Conductor Steven Smith took the reins as music director of the Santa Fe Symphony and Chorus in 1999, held them for 14 years, and then laid them down at the end of last season. It was not the leave taking one might have anticipated after so long a tenure: no congratulatory gala, no retrospective tribute booklet, no brouhaha whatsoever. In fact, that final concert last May was not really his farewell. Although the symphony’s roster this season and next features a parade of conductors under consideration to succeed Smith — though as principal conductor rather than music director — this weekend’s concert is entrusted to the man himself. Again, the group is not advertising this as a farewell performance, and it isn’t at all clear whether it is one or not. But if it turns out that it is, Smith will be going out with a “big statement,” conducting the longest strictly orchestral work he will ever have led with the Santa Fe Symphony, the Symphony No. 7 of Gustav Mahler.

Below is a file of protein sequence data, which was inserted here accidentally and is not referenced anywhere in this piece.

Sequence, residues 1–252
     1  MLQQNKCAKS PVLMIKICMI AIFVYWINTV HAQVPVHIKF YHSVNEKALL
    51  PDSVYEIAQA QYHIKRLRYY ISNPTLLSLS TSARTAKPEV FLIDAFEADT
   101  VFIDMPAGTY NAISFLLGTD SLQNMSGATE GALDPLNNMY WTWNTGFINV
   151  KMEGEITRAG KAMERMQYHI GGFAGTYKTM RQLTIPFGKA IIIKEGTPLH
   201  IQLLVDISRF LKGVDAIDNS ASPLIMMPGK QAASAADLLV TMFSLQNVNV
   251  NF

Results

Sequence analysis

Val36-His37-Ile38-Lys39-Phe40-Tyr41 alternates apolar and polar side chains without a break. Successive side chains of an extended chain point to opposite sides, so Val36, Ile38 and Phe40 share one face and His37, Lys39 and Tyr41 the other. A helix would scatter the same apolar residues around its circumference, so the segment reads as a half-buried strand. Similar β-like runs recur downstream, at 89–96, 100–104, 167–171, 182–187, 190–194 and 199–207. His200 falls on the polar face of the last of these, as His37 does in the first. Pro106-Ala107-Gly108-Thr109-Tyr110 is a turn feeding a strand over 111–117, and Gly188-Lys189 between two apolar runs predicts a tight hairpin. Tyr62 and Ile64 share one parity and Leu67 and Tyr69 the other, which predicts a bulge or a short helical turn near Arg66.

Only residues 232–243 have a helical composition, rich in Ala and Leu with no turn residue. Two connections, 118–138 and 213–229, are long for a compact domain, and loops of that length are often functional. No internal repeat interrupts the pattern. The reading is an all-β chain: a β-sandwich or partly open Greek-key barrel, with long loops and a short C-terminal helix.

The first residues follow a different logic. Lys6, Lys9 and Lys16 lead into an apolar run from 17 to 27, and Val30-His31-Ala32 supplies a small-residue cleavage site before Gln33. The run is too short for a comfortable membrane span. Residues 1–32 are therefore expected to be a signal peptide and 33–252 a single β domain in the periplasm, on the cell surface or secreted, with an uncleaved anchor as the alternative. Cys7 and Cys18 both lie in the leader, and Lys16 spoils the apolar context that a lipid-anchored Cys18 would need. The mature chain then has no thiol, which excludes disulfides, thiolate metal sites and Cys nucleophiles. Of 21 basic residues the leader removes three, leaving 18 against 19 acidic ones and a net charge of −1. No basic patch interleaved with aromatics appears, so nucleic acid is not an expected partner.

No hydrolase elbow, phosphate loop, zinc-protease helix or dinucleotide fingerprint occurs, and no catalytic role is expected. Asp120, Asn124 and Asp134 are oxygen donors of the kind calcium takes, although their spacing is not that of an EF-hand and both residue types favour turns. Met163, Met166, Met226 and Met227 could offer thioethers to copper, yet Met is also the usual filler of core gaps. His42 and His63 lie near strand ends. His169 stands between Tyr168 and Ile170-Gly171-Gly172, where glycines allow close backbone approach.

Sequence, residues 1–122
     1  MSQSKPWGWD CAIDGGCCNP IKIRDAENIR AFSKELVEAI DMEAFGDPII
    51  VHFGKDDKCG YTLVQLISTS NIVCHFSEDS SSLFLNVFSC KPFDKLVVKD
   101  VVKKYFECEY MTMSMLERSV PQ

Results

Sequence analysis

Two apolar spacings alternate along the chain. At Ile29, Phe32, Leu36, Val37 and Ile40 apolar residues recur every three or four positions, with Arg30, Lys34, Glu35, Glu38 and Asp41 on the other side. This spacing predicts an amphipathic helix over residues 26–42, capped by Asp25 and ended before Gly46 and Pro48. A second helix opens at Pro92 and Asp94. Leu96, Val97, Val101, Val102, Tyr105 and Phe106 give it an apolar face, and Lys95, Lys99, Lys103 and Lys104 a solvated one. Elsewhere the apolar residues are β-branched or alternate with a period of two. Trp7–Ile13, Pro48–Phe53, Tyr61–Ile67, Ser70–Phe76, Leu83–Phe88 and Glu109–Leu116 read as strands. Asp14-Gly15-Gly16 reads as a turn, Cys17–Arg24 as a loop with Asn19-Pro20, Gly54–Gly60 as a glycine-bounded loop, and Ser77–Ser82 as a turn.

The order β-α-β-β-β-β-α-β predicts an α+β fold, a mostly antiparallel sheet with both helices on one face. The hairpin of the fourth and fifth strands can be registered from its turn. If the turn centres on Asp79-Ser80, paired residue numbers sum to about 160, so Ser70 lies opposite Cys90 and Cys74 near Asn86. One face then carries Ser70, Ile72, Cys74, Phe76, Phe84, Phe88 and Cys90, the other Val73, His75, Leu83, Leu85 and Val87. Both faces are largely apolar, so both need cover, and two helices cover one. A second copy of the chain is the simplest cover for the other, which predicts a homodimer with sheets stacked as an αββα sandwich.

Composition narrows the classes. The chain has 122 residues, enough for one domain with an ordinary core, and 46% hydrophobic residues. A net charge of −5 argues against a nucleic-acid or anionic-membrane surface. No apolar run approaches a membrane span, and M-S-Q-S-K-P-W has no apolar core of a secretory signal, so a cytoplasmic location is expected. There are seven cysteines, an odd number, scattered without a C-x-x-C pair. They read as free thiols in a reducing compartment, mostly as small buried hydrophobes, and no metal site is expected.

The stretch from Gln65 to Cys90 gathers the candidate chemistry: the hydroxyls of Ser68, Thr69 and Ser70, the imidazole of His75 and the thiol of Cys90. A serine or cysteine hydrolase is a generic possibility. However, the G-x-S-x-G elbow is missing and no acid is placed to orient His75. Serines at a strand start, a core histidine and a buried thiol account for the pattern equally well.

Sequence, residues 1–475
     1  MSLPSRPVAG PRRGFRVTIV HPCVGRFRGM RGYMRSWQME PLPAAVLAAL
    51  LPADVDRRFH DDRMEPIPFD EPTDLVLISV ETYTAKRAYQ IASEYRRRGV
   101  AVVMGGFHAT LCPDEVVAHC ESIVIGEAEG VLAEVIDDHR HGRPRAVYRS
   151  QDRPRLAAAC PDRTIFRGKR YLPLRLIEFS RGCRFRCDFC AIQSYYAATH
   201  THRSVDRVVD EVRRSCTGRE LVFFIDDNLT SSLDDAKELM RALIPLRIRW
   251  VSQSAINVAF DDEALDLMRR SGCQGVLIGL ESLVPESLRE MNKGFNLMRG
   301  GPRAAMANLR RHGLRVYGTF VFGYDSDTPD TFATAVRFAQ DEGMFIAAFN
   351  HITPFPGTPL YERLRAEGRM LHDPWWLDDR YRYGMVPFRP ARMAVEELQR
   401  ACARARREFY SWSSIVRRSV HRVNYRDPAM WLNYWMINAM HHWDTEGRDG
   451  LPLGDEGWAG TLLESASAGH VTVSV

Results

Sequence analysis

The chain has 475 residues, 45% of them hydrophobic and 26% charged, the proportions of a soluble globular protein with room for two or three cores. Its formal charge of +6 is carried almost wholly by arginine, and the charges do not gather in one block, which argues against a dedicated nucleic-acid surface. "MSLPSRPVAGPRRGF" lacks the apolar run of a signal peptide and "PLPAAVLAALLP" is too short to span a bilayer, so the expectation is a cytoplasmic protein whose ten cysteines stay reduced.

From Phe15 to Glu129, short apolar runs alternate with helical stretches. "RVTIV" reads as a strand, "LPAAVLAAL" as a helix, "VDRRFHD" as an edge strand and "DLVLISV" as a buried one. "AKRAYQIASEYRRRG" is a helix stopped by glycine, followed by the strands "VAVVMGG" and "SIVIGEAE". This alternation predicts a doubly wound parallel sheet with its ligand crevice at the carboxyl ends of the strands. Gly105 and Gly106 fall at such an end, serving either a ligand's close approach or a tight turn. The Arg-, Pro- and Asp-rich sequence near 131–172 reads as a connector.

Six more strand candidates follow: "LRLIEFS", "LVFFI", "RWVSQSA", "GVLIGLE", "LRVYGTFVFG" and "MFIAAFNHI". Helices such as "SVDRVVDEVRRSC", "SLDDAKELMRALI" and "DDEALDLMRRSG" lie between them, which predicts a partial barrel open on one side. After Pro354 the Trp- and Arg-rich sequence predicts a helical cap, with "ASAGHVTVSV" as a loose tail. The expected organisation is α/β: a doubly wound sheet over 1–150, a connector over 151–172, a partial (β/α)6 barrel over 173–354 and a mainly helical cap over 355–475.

The entire concert will be given over to this piece, which runs about 80 minutes. Mahler struggled to balance the competing demands of conducting and composing, devoting himself to the former from autumn through spring and withdrawing to some bucolic spot to compose during the summer. He wrote his five-movement Seventh Symphony at the villa he constructed on the Wörthersee, a lake in the Austrian province of Kärnten (Carinthia), over the course of two summers: its two slow movements, both of which he titled “Nachtmusik” (Night Music), in 1904, the other three movements in 1905, while on vacation from his job as director of the Vienna Court Opera. By the time he led the work’s premiere, in Prague in September 1908, he had resigned his post in Vienna and had largely moved his career to New York, where he was conducting at the Metropolitan Opera and would soon assume the music directorship of the New York Philharmonic.
You must login to view the full content on this page.
Or, use your linked account: